Mark is a little boy, age 10, quiet, timid and socially awkward.
He lacks friends in school. The other kids call him weird. The bullies torment him everyday. But he does not fight back. The bullies take relish in this. They’d push Mark around, shove him to the ground, kick him, punch him and yell, “Let’s add to the bruises!”
Everyday after school, Mark returns home to his little rundown house at the bad side of the neighborhood. The lawn is overgrown. Crap is everywhere. The path is beaten. The door is dirty.
Mark enters the house and is always greeted by more crap. The couch is torn and tattered. The dishes are piled up in the sink. Flies buzz around while cockroaches crawl across the rooms.
The familiar family members, empty beers along with empty syringes are scattered everywhere.
Mark’s father would stumble into the house at night, drunk out of his mind and angry with almost everything in his life, particularly the loss of his job due to a work injury, the divorce from his wife and what he has become, beaten, unaccomplished, lonely and sad.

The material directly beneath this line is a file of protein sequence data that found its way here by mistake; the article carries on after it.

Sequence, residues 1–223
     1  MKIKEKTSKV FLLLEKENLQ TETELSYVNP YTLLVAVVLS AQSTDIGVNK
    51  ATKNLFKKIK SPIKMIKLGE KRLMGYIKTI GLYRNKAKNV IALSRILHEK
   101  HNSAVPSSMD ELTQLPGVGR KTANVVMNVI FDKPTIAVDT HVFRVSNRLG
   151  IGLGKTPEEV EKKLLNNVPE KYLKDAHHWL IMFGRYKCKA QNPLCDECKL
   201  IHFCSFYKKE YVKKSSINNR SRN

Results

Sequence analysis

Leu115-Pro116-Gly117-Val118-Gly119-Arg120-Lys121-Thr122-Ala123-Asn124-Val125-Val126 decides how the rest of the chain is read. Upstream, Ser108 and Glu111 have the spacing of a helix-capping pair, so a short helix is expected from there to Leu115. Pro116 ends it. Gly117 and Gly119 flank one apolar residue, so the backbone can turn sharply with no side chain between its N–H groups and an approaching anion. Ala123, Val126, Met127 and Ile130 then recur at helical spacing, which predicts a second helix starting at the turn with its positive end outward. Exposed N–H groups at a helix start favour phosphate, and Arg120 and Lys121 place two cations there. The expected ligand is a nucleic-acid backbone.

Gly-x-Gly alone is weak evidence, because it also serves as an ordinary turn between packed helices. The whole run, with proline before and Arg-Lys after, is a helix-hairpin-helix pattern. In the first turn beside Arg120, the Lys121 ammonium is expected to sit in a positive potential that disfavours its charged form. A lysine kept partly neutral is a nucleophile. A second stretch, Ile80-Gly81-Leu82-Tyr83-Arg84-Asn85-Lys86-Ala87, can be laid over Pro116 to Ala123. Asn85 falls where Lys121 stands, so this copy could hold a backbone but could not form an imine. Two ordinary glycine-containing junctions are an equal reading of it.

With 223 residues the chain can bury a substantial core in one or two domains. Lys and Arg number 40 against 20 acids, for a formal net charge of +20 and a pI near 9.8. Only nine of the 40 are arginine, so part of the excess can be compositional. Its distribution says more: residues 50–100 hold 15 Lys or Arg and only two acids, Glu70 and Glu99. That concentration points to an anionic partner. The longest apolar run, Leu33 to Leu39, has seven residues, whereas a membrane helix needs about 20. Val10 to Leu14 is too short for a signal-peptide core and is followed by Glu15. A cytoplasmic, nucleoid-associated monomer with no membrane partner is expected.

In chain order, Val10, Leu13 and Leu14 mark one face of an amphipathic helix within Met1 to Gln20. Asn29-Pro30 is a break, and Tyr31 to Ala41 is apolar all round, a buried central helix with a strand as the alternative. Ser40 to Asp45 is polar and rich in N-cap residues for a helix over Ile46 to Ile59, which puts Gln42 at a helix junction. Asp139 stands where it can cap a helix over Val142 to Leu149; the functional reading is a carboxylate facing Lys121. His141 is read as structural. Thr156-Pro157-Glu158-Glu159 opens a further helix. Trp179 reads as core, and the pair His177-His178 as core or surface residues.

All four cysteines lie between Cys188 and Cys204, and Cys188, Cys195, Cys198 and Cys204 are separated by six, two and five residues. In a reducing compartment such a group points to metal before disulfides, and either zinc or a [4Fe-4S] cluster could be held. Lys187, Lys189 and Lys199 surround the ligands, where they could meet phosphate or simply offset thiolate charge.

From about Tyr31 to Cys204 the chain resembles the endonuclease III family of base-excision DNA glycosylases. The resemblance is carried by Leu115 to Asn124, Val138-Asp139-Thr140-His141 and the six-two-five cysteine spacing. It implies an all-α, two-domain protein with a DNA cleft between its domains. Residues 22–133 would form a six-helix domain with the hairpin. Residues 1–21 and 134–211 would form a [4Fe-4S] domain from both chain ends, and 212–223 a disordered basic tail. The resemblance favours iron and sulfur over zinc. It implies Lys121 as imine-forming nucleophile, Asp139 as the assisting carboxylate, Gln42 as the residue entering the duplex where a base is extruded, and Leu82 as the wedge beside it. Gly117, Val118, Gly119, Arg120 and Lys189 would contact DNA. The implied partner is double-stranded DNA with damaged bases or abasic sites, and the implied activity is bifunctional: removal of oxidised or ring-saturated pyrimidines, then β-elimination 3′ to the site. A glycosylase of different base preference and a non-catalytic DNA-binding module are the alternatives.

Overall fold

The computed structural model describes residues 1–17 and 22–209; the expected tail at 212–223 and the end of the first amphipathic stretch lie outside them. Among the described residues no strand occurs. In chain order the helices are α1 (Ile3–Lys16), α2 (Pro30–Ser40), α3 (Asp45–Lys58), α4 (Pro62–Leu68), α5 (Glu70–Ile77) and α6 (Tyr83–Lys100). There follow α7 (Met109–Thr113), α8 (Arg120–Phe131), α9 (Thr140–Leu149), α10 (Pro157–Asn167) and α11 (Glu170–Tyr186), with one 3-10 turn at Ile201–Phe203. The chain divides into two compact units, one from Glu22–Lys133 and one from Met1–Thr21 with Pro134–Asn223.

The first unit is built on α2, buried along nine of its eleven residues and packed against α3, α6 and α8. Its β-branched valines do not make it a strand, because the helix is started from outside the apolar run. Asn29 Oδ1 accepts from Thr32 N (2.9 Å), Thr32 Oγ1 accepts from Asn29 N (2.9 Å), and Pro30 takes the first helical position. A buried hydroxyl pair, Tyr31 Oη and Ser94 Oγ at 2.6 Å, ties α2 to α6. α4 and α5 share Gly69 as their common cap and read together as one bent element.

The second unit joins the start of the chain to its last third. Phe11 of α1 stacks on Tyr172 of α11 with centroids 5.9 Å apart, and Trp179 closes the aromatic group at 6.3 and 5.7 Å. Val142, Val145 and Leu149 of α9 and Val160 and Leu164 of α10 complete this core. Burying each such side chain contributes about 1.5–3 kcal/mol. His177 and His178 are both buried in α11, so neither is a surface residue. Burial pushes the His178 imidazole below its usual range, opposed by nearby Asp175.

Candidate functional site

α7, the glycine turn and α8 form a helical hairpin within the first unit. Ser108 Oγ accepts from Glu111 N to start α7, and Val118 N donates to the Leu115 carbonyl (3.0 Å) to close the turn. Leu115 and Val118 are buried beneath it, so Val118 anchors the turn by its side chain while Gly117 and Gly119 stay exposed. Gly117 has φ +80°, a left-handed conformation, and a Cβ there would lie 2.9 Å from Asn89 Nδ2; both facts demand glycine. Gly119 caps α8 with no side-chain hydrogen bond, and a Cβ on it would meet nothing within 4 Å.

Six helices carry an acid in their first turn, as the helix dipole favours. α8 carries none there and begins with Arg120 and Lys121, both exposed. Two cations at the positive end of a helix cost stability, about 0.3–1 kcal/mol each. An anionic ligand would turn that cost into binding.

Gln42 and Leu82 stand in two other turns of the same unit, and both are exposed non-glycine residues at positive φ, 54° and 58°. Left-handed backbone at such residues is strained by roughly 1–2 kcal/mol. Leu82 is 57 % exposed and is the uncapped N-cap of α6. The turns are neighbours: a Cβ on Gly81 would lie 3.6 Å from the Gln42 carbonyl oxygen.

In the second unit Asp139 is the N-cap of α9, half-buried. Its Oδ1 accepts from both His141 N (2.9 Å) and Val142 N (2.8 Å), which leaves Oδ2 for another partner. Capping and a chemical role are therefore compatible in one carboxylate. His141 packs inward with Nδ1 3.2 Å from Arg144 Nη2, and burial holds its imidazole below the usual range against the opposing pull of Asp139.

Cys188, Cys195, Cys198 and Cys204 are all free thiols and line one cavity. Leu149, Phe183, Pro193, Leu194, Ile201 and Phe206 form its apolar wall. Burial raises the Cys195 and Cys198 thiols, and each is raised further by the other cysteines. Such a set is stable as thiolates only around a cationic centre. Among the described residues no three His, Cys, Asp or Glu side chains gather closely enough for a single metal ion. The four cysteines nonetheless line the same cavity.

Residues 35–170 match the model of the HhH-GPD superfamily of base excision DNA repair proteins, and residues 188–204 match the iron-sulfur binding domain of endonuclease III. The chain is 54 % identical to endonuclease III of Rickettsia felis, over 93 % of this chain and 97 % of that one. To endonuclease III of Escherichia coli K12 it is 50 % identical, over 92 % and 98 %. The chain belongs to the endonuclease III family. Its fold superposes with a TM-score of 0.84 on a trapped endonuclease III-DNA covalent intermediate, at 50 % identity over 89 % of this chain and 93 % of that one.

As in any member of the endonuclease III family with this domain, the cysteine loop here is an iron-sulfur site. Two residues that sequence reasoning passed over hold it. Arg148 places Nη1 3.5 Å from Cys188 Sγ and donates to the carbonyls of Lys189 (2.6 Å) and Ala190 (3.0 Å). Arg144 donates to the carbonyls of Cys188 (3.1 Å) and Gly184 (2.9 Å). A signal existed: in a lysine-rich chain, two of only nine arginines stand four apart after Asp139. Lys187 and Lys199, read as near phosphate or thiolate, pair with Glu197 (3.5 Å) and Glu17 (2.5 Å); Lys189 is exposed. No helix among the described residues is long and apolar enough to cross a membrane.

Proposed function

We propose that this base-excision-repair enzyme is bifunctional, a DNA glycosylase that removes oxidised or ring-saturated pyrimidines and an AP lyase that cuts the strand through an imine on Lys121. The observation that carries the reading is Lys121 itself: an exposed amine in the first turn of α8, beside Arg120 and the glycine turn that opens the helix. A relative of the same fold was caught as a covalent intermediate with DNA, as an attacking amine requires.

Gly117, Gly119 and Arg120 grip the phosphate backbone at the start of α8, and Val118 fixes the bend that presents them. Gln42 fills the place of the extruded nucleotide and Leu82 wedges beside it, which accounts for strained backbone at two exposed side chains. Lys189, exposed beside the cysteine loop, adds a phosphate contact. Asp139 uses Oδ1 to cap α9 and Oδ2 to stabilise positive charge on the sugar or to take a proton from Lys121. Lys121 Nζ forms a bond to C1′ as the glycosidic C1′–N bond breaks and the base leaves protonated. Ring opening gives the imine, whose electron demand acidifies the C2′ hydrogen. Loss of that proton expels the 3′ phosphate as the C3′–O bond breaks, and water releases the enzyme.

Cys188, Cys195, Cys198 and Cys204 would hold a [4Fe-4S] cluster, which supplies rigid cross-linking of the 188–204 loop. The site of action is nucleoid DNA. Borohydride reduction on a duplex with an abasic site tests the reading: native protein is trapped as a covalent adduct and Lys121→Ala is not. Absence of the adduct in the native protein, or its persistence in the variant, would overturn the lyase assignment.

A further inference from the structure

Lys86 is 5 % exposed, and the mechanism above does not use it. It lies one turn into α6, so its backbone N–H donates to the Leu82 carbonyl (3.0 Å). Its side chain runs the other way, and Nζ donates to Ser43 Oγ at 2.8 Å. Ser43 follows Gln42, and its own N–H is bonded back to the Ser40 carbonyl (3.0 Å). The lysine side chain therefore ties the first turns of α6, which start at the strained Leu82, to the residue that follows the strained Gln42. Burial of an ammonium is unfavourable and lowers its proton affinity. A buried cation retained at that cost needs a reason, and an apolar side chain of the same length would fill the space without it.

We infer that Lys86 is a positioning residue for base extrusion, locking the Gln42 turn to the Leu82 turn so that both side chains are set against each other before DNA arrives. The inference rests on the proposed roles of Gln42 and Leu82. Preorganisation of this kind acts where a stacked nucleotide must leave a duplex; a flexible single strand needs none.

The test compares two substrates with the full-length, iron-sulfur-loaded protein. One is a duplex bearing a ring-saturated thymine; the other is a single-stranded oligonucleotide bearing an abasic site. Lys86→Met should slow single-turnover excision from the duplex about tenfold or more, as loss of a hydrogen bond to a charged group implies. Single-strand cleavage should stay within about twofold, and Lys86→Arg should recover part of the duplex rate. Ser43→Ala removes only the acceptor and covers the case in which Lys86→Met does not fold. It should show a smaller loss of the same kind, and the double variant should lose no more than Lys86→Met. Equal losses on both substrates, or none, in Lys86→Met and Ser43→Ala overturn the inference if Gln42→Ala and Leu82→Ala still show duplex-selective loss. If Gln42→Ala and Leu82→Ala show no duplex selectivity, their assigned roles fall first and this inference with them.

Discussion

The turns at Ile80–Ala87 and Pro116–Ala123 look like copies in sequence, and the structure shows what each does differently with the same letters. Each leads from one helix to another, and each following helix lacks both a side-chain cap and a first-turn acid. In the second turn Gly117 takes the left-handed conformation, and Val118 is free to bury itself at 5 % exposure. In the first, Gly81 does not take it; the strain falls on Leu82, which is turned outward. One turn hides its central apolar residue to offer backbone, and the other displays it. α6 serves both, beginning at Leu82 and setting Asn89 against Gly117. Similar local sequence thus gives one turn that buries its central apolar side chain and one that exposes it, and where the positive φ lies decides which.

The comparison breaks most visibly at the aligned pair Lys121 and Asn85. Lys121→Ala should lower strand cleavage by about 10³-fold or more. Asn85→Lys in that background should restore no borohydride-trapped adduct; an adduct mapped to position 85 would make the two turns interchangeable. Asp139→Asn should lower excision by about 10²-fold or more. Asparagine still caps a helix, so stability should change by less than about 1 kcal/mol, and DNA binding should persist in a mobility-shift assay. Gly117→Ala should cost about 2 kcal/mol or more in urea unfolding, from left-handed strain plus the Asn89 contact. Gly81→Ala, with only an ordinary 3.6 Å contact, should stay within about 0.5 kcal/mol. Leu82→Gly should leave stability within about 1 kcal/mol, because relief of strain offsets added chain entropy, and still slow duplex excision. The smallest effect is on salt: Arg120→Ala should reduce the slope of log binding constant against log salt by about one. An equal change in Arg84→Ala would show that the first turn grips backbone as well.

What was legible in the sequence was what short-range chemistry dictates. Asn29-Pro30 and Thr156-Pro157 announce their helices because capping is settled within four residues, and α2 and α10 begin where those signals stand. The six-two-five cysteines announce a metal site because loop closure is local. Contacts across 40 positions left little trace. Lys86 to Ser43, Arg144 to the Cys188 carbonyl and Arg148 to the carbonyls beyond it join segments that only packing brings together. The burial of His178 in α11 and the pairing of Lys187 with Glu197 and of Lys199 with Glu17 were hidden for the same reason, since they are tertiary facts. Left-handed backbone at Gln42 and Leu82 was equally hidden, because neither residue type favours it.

Mark’s father would yell for his son to do his bidding, which usually meant preparing food for him and getting him a beer.
Then Mark’s father would watch TV for awhile.
Mark prays that he’d fall asleep.
But there is no god most of the time.
His father attacks him. He’d slap, punch, kick and on several occasions, throw him onto the ground. He’d add on to the bruises and cuts.
Mark does not fight back. He never does.
But it’s okay, that’s okay, he thinks.
This would mean his father would not take it out on his little sister, Erica, age 4, instead, who is now crying by the side.
Once Mark’s father is done, he’d retreat to his own room to sleep off the rest of his intoxication.
Mark would then hug Erica. He tells her it’s okay. He would do this as long as he can, forever and ever.
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